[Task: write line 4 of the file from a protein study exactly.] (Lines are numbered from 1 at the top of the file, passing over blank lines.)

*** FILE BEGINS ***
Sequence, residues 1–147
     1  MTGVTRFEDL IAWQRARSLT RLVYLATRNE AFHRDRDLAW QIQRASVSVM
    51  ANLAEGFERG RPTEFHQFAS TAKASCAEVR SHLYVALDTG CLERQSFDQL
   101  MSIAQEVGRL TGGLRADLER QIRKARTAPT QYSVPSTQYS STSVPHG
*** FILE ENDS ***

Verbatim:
   101  MSIAQEVGRL TGGLRADLER QIRKARTAPT QYSVPSTQYS STSVPHG